Thursday, July 25, 2019

Fire on the Mountain

... and up in the sky ...and under the ground ...and on top of the water

Old Home Days are coming! 120 years ago in 1899 Governor Frank West Rollins invented and promoted the event.

For more information on the history of Old Home celebrations and the Rollins family check out this blog at Cow Hampshire. While you are there search for all kinds of subjects on this wonderful site. Rollins also wrote a "red book" on New Hampshire published in 1902. See pour revious blog on those "red books" here.

In his 1904 Old Home Committee report, then Governor Nahum Josiah Bachelder, who founded the series NH Farms for Summer Homes (see this previous blog) wrote an "Official Invitation" to "Absent Sons and Daughters of New Hampshire." (click on images to enlarge them).

He announced that "Our greeting will be expressed by the fires on the old hill tops, flaming from peak to peak our great joy at your return..." Throughout the years, the Old Home reports listed towns that had these fires.

In Madison they celebrate Old Home Week by building a fire in a hole in the ground and then cover it up...

...oh and they put a bunch of enamelware pots of baked beans in the hole too.

The next day they dig them back up and serve them to the waiting throngs of people. 

The firemen frequently take to the lake to cool their heels after standing in the pile of hot coals.

At another Old Home celebration, author Tom Curren uses the more traditional cast iron pots for his bean hole beans. Other foods featured at Old Home Days include pancake breakfast, community picnics, lobster dinners and s'mores with fireworks.

Tom wrote the booklet ...

On Chocorua Lake they hold a twilight lantern parade.

This year they are doing a lantern making workshop to prepare.

Donald Hall wrote a book on "Old Home Day" in which he summarized the history of the event.

For a list of Old Home celebrations see this link.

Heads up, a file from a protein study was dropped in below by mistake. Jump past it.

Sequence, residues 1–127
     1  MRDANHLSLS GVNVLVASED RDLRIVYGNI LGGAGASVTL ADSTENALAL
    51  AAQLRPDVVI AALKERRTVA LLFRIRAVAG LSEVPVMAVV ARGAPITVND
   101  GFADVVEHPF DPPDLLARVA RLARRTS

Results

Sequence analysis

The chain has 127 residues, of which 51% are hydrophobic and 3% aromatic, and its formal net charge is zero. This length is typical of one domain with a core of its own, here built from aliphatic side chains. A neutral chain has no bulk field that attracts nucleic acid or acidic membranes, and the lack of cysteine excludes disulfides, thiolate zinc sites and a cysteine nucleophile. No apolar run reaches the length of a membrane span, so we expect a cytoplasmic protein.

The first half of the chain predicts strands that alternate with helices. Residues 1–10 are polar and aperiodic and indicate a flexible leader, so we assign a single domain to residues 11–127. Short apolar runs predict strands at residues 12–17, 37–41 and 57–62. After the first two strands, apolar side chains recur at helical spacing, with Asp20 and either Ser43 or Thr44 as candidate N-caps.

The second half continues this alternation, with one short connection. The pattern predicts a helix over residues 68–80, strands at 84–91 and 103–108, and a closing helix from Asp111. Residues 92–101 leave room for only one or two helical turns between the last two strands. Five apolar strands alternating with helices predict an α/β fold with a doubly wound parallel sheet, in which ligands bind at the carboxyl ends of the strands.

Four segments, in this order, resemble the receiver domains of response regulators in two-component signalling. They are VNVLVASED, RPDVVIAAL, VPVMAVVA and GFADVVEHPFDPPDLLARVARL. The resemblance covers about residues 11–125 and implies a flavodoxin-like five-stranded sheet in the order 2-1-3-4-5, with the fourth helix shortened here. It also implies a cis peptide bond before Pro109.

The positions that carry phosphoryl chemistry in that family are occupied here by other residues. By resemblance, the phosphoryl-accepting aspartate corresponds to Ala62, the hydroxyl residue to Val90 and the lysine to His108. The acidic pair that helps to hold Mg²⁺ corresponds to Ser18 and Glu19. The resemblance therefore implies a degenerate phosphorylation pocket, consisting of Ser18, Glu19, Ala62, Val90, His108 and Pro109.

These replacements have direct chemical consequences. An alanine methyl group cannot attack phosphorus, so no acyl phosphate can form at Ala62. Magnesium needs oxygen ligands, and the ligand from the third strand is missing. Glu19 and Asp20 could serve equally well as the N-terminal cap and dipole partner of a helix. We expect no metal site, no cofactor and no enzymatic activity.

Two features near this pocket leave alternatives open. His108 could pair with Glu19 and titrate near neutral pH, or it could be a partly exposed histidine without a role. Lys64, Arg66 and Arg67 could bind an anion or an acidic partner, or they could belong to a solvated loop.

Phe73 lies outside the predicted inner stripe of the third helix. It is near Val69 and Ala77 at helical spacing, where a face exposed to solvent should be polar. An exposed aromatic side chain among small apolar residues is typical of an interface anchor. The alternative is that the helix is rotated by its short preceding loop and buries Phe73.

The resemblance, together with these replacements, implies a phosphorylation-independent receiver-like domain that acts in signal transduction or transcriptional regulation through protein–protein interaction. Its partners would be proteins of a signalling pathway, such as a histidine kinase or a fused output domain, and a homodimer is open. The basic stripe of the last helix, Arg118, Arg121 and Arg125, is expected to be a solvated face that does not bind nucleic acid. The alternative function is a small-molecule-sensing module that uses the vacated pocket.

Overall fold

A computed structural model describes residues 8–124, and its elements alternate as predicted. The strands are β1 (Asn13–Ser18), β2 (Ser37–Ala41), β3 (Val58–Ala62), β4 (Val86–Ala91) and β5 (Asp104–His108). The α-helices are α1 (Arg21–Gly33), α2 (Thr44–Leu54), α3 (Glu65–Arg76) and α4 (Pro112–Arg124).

For more details on this or any other historical subject in the White Mountains, contact us at the Conway Public Library's Henney History Room.

Wednesday, July 17, 2019

New Hampshire Farms for Summer Homes

New Hampshire Farms for Summer Homes, 2nd edition, 1904

In a previous blog we did a survey of summer lodging in the White Mountains that focused mostly on hotels and inns. We continue our celebration of summer with an item of pure gold... gold lettering on the cover that is. It is a booklet from 1904 entitled New Hampshire Farms for Summer Homes.

This recent donation represents the other extreme opposite end of the accommodation spectrum from Grand Hotels to so called "summer cottages." While often rustic on the outside, for example with wooden columns that retained bark and branches on them, these cottages sometimes included large dining rooms, indoor squash courts, music pavilions, astronomical observatories, art studios, bowling alleys, boat houses, ice houses, tennis courts, stables, and quarters for maids, nannies and chauffeurs.

This booklet is part of a series published for the NH Department of Agriculture intended as a sales and promotional tool, now a tool for history. It was designed to capture interest many people who stayed in the Grand Hotels decided to purchase their own piece of paradise.

The Conway Public Library's Henney History Room has an early example from 1891 entitled Lakes and Summer Resorts in New Hampshire.

Lakes and Summer Resorts in New Hampshire, 1891

The author of this, and many of the other booklets, was N. J. (Nahum Josiah) Bachelder, who held the interesting title of New Hampshire Commissioner of Agriculture and Immigration.

The text for this edition was very simple, basically listing the summer resorts, name of the proprietor, post office address and costs per day and per week. Here are the listings for Conway.

One of the few photos included in this booklet is a panoramic pull out view of Lake Winnipesaukee. Here is a photo of Walker's Pond, now Conway Lake.

Here is the caption that went with the photo.

The library also has an 1891 book entitled Adopting an Abandoned Farm.

The book includes chapters on attending auctions, buying a horse, starting a poultry farm, prose, peacocks,and how to deal with ghosts. Part of the fun of old books can be clippings and inscriptions found within the covers (click on images to enlarge them).

The cover of our 1894 edition featured bees and goldenrod flowers.

New Hampshire Farms for Summer Homes, 1894

Our 1895 edition features handsome gold lettering and edging on the cover.

New Hampshire Homes, 1895